Concrete as a climate killer? – Current findings in research and development tell a different story

The Association of Concrete Pipes and Reinforced Concrete Pipes (Fachvereinigung Betonrohre und Stahlbetonrohre e.V.; FBS) represents a total of 19 manufacturers of concrete duct systems in Germany. In addition to its original function, which is to define, certify and permanently ensure a higher product quality than that specified in normative requirements in the field of pipes and shafts, the Association has for some time been confronting the goals of climate protection.

A scientific approach was chosen to meet the requirements of objectivity, transparency and robustness of the findings. Extensive environmental effects involved in the manufacture of concrete and reinforced concrete pipes were therefore initially collected by the Fraunhofer Institute and compiled in an environmental product declaration, a so-called EPD. In the next step, the findings were analyzed and, in the context of a life cycle assessment with other materials, interpreted in terms of their environmental effects. In the process, meaningful and valid environmental product data for alternative pipe materials (stoneware, GRP, HDPE, PP and PVC) were taken into account using the “Ökobaudat” data base provided by the German Federal Ministry of the Interior, Building and Community (Bundesministerium des Innern, für Bau und Heimat).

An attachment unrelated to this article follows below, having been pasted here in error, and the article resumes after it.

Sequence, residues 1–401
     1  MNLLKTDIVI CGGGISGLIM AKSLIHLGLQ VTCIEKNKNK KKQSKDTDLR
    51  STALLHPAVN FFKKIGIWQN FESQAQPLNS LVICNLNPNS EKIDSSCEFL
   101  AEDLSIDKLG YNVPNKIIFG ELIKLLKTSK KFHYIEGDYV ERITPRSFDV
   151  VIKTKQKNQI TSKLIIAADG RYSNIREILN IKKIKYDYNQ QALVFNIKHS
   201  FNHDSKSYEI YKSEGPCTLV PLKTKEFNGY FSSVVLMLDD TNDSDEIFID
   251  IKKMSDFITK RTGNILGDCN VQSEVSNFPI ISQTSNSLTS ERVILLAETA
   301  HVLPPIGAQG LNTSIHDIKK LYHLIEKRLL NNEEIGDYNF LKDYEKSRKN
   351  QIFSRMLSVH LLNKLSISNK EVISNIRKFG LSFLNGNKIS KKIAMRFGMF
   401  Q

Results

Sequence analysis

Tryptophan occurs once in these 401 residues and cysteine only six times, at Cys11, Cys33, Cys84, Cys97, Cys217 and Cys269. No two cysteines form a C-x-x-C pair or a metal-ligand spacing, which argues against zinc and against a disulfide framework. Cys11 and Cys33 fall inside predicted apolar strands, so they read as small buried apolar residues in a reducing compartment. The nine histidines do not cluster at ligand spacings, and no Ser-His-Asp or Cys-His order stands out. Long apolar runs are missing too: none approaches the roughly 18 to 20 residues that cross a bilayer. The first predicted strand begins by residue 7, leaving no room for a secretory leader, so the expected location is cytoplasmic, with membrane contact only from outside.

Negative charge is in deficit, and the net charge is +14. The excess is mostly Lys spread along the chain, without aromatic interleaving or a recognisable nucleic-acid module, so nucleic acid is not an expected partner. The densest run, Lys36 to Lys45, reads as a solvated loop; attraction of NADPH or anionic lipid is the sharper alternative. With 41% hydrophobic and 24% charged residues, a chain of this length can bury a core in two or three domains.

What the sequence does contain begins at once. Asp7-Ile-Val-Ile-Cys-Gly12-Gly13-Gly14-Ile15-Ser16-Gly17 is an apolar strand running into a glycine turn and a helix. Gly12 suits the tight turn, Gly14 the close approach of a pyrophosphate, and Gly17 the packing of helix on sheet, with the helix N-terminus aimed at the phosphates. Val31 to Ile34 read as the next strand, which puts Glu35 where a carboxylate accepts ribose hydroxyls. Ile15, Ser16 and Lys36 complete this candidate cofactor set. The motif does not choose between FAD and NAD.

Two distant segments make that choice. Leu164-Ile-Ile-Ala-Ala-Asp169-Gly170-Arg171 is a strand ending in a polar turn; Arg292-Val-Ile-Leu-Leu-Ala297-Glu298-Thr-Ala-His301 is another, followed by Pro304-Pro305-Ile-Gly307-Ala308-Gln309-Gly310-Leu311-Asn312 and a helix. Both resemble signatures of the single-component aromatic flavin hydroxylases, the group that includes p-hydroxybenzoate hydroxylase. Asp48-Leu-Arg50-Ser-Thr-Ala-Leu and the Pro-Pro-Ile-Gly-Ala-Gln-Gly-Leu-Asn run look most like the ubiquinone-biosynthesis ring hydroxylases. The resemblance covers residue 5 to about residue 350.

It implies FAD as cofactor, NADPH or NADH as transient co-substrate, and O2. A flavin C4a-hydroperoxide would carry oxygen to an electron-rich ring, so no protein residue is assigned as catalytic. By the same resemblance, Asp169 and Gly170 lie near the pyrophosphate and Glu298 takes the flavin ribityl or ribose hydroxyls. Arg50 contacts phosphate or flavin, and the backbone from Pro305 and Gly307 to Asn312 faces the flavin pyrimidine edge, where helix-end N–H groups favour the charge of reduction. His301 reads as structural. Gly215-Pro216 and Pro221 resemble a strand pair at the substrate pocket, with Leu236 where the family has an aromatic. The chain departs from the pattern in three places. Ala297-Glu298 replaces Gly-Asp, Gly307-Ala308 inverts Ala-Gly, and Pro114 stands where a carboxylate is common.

The findings show that, in direct comparison with the pipe materials mentioned above and across all nominal diameters, the use of FBS concrete pipes entails both the lowest CO2 emissions and the lowest environmental burdens during recycling.

Concrete producer Bieren, a long-standing and innovative member
of the Association of Concrete Pipes and Reinforced Concrete Pipes, has also recognized the importance of climate protection and the responsibility for future generations and is engaged in in-depth research and development to reduce CO2 emissions. The test results provide impressive evidence that by using optimized components and modified mixing ratios, CO2 emissions can be further reduced by up to 60 % compared to the average values (FBS concrete) without sacrificing quality properties – on the contrary: the findings indicate that the properties of high-performance concretes have significantly improved once again in comparison with standard concretes, thus reducing CO2 emissions by 50 %.

In short, it is evident that, in the discussion about meeting climate goals, concrete as a pipe material can make an important environmental contribution in particular in comparison with plastic
materials. In addition, there is further potential for innovation which concrete producer Bieren and the entire industry should make use of to advocate the material.

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